In a nationwide primary season defined by competitive GOP races between MAGA Republicans and establishment conservatives — often framed as a test of Mr. Trump’s enduring popularity — the former president’s endorsements have helped propel several struggling candidates over the finish line. He is expected to weigh in on the New Hampshire primary, according to his former campaign manager, Corey Lewandowski, but the Trump-versus-establishment-conservative rubric isn’t playing out as clearly in the Granite State.
A New Hampshire resident, Mr. Lewandowski is pushing hard for Mr. Trump to endorse “anyone but Bolduc,” he tells the Sun — though the general would be an obvious choice. In press interviews and an op-ed in the Daily Caller, Mr. Lewandowski is vocally opposing the general, whom he calls a “war monger” and “the exact antithesis” of someone who follows Mr. Trump’s America First agenda.
A former Trump adviser, Steve Bannon, is taking the opposite position. During a recent episode of his “Real America’s Voice” show, Mr. Bannon endorsed General Bolduc and dubbed the race the “Wyoming of New England.”
Mr. Morse is the obvious Liz Cheney comparison.
Governor Sununu suggested recently on New Hampshire Today radio that he “may endorse someone.” That person will likely be Mr. Morse, with whom Mr. Sununu has worked closely at the state house for years.
On General Bolduc, the governor doesn’t mince words: “I don’t take him as a serious candidate. I don’t think most people do.” He called the general a “conspiracy theorist type.”
Mr. Morse is unexciting, a policy wonk by comparison, but his campaign is embracing the label. “He’s a work horse, not a show horse,” a Morse campaign adviser, David Carney, tells the Sun.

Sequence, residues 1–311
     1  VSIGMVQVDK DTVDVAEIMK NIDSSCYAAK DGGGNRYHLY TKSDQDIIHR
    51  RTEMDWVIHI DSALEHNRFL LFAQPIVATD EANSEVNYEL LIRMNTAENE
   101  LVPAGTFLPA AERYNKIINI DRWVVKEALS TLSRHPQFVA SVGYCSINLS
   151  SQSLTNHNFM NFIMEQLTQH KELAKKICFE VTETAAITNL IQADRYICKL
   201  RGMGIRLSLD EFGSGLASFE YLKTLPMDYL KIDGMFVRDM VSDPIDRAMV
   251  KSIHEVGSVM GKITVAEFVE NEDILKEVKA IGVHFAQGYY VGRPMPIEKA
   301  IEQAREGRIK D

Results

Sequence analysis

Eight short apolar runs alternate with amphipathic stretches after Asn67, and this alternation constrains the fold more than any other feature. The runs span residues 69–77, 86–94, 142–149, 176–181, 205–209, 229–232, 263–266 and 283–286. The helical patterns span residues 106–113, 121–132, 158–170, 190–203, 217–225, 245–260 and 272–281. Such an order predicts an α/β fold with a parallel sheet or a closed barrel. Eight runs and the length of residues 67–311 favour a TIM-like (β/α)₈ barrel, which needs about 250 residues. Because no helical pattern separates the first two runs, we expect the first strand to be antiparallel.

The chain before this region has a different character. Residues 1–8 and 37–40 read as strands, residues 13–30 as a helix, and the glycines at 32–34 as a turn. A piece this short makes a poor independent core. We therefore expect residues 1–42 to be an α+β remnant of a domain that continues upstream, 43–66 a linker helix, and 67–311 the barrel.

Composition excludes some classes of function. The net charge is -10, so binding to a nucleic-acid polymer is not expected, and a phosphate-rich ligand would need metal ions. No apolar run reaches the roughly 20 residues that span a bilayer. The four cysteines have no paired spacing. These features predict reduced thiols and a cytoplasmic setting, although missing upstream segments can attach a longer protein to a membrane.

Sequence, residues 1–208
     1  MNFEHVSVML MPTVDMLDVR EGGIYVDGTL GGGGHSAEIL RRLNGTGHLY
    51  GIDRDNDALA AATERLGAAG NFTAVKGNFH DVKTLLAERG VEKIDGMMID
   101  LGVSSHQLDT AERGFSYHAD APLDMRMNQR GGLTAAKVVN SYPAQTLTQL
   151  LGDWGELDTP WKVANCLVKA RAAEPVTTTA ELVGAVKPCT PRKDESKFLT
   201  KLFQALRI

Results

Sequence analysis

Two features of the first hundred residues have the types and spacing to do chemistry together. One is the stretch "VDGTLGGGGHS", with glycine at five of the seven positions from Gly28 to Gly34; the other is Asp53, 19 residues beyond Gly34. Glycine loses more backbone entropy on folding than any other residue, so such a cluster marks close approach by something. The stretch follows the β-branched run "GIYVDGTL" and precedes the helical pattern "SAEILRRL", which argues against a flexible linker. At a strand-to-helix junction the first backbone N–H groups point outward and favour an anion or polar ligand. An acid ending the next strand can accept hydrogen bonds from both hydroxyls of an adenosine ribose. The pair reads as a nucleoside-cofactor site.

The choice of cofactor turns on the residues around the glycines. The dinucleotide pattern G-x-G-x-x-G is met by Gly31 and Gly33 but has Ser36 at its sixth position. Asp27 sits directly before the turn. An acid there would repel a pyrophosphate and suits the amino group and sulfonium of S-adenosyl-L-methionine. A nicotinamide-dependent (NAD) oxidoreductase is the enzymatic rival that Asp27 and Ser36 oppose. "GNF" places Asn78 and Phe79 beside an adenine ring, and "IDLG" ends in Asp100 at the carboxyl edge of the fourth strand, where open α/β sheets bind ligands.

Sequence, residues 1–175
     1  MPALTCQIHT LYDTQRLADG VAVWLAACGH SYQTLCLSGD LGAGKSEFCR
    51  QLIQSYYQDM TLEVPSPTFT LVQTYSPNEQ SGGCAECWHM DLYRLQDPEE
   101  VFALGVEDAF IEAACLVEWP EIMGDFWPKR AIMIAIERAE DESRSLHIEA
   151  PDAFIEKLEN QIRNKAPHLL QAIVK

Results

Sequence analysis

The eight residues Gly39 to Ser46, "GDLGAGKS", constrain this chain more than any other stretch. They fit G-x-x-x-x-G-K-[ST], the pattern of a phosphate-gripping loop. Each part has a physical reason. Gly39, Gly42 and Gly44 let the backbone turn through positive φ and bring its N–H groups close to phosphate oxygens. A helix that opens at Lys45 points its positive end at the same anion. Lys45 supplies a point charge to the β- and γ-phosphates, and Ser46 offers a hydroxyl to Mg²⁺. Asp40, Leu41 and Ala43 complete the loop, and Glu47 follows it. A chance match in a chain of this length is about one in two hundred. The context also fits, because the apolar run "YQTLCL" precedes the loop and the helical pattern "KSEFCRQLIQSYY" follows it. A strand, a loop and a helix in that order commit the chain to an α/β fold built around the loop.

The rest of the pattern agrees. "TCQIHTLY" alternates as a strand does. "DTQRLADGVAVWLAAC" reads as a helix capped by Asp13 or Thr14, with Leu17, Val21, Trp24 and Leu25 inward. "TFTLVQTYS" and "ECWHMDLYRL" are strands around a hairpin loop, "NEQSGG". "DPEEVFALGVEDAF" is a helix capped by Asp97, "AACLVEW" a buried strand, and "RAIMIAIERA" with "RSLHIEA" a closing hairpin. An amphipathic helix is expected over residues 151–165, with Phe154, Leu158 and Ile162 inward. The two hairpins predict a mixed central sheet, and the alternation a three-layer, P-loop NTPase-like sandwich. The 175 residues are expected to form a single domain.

Expect some fisticuffs at the debate Wednesday night. The libertarian Republican candidate, Bruce Fenton, will likely attack Mr. Morse on his record, particularly regarding Covid restrictions. Mr. Smith, attempting to revive his campaign after a lackluster performance in recent polls, will hit General Bolduc hard on some of his extreme comments. The general will attack Mr. Morse, his clearest threat.
All the candidates will attack Ms. Hassan for “reckless spending” in Washington, for her vote in favor of the Inflation Reduction Act and the hiring of 87,000 new IRS agents, and for her support of abortion without restrictions. Crime, border security and immigration, and “parental rights” in education will also feature prominently.
“With each debate, the Republican Senate candidates get nastier and their attacks on each other get more brutal,” the New Hampshire Democratic Party chairman, Ray Buckley, tells the Sun. “I expect we’ll see even more radical positions from the candidates at the Newsmax debate.”
New Hampshire holds its election on September 13, the last date in the national primary schedule. The GOP nominee will then need to pivot quickly to appeal to general election voters.
The candidate whom Mr. Trump will endorse is anyone’s guess. Expect an audition tonight.
Ms. McCaughey is a native New Yorker now based in New Hampshire. Her interests include politics, drug policy, and counterculture.